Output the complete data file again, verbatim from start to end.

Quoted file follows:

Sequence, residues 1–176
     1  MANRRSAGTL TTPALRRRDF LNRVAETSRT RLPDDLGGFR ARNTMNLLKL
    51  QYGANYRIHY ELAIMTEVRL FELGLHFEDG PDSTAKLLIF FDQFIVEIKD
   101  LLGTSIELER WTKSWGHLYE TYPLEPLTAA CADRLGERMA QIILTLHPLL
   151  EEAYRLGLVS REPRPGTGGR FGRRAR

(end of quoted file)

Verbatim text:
Sequence, residues 1–176
     1  MANRRSAGTL TTPALRRRDF LNRVAETSRT RLPDDLGGFR ARNTMNLLKL
    51  QYGANYRIHY ELAIMTEVRL FELGLHFEDG PDSTAKLLIF FDQFIVEIKD
   101  LLGTSIELER WTKSWGHLYE TYPLEPLTAA CADRLGERMA QIILTLHPLL
   151  EEAYRLGLVS REPRPGTGGR FGRRAR